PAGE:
we meet with problems, illnesses, or trials. These are all part and parcel of
As Christians, we need to ask God
for the strength to face up to them. They will teach us that this world is not
our home and that we should not place our hope in it. Rather, there is
somewhere far better that awaits us—a place where there is no sorrow or tears
Thanksgiving also comes from
putting things into perspective. Some things are frankly not worth getting so
upset about. In my case, they include fallen fences, loose guttering, and a
broken-down car. When I compare them to the greater challenges faced by many
other brethren—such as serious illnesses or persecution—my problems pale in
comparison. In fact, they become nothing at all.
We need to remember that all these
things, big and small, will one day pass. If this were all that there was to life,
then we would have reason to worry and complain. But as Christians, we have a
wonderful heavenly hope (1 Pet 1:3, 4).
CASTING OUR CARES ON THE LORD
Christians are not exempt from the
trials of life, but we can take heart from the fact that the Lord understands
our struggles (Heb 4:15). He invites us to come before Him, to His throne of
grace, to receive help in the time of need through prayer. This is a special
blessing and grace given to us as Christians.
Sometimes though, we complicate
things by speculating on what we can or cannot share with God. For example, we
may think that we should only pray for spiritual matters and may even feel
guilty for raising mundane issues. Yet, prayer should not be complicated, for
the Bible simply teaches us,
Be anxious for nothing, but in everything by
prayer and thanksgiving, let your requests be made known to God…(Phil 4:6)
And when we pray in the Spirit,
the Holy Spirit intercedes for us according to the will of God and comforts us.
Likewise the Spirit also helps us in our
weaknesses. For we do not know what we should pray for as we ought, but the
Spirit Himself makes intercession for us with groanings
which cannot be uttered. Now He who searches the hearts knows what the mind of
the Spirit is, because He makes intercession for the saints according to the
will of God. (Rom 8:26, 27)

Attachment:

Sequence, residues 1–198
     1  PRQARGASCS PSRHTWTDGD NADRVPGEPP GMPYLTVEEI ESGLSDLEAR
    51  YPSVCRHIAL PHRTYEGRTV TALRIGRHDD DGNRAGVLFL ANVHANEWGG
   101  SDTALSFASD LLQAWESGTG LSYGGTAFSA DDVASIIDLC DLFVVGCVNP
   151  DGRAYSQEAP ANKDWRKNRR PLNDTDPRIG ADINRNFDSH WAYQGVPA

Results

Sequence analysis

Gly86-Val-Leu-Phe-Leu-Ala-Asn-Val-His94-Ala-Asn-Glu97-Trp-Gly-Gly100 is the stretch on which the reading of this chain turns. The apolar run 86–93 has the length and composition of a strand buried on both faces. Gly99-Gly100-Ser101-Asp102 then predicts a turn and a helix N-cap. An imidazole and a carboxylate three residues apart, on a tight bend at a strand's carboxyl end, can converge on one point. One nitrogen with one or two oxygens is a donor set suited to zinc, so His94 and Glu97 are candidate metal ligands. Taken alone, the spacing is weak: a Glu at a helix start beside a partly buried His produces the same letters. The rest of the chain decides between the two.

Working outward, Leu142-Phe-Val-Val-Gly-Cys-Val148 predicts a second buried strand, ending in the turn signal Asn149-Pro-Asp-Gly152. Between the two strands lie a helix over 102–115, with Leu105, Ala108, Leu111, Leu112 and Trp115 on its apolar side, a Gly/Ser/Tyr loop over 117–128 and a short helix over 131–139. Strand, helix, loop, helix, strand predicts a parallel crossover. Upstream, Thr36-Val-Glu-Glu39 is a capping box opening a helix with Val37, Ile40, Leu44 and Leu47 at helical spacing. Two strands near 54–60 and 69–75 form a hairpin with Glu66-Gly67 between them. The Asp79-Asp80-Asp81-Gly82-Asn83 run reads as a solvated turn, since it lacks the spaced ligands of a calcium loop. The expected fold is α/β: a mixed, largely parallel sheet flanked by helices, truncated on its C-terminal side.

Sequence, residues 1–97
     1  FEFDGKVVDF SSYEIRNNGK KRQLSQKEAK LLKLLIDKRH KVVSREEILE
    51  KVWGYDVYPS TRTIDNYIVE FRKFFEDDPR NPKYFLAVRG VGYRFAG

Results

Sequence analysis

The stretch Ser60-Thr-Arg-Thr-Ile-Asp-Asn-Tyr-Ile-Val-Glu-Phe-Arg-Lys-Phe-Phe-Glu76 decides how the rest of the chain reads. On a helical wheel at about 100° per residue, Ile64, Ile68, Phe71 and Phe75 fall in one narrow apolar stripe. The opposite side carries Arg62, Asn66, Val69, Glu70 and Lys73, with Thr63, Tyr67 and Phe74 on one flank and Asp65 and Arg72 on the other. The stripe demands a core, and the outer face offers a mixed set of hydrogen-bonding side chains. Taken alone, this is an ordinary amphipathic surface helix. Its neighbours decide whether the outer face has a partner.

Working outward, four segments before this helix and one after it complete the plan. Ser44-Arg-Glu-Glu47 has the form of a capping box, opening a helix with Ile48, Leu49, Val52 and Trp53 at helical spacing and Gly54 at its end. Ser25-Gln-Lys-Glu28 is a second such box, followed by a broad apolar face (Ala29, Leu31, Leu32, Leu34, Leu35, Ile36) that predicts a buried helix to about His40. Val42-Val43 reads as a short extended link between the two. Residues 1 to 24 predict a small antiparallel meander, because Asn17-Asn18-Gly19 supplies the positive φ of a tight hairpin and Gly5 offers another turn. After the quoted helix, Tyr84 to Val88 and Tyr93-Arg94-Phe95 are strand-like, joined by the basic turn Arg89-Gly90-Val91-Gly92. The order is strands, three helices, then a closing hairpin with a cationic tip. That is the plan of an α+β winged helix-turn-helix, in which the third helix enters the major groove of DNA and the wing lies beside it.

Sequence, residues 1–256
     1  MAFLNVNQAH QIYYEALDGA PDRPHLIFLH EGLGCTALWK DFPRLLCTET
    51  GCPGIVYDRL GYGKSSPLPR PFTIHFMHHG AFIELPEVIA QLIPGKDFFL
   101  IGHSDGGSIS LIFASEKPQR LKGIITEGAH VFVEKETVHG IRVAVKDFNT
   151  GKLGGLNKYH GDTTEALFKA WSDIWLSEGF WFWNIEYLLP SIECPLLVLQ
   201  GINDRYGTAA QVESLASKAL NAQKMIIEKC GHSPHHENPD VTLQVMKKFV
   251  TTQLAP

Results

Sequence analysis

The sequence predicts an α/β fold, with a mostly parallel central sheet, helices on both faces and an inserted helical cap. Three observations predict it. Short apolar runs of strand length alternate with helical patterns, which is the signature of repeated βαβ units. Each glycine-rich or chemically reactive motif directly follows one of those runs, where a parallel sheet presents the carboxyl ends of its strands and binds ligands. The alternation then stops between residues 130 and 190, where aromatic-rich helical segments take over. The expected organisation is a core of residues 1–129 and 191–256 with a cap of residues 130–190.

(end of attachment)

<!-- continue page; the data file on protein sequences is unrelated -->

When we think about it, prayer is
really a lesson in faith. Through it, we learn to communicate our worries to
God and to let go of them. It requires our belief that He has heard us, that He
loves us, and that He will do what is best for us. We do not need to anticipate
what God will or will not do—we should leave it to Him. Sometimes, this takes
I remember hearing, years ago, an
anecdote from the pulpit about a weary traveler who was struggling with his
journey home on account of the heavy load he was carrying. Still, when he
managed to get a ride, he persisted in carrying his baggage. This story
produced some knowing chuckles from the congregation because it brought to mind
our own human foibles.
The fact is, when we pray to God,
we are often like the traveler who continues to hold on tightly to his burdens,
afraid to let go even when we are offered respite. Elder Peter tells us the
remedy: “[Cast] all your care upon Him, for He cares for you” (1 Pet 5:7). So
we not only need to communicate our cares to God but also need to cast them
upon Him, that is, to leave them in His capable hands. And when we do, we will
have the chance to discover how amazing He is…
Returning to my earlier
predicament, I finally negotiated the purchase of a new car with a dealership
and was ready to trade in the old one. The collection day was the following
Wednesday. The only remaining problem was a spate of bad weather. I was
wondering how I was going to drive the old car with windscreen wipers that no
longer worked to the car dealership some sixteen miles away.
The five-day weather reports on
the Internet indicated increasingly bad weather, with rain forecasted for that
Wednesday and Thursday. I dithered about canceling the appointment but was in
no position to offer a suitable alternative date.
Despondent, I phoned my husband,
who was in Scotland at the time. His advice was to pray for good weather. I was
not sure about this—surely God was not at my beck and call to sort out
something as trivial as the weather! But he reminded me that, while God was not
at my beck and call, He is our heavenly Father. And so, armed with this
thought, I briefed my two sons that night to help pray for good weather.
The next day I checked the weather
report again. When I logged onto the web page, I laughed out loud. There, right
in the middle of the week, on that vexing Wednesday, was a bright yellow sun
symbol! I was astounded and humbled by God’s graciousness.
Praise God, the sun was indeed
shining when I went to collect the car. And it duly rained the following day. I
will never forget that God is our heavenly Father who knows our hearts and
understands our problems. Best of all, my children learned another wonderful lesson
about the power of prayer.
Life is full of trials, great and
small. They teach us to remember God’s grace and to give thanks for all that is
good. They also teach us perspective—that there are some things not so
important in the scheme of things. However vexing and worrying our earthly
worries may be, they will all pass. What is important
is that we focus on God and rejoice in the knowledge of our future heavenly
As Christians, we have the
privilege of being able to entrust our cares to God through prayer. Better
still, we can ask Him for strength to lead a triumphant life, one in which we
can overcome the thorns in the ground. Then, one day, when we have received our
heavenly reward, we will be able to look back and realize that the thorns were
really nothing after all.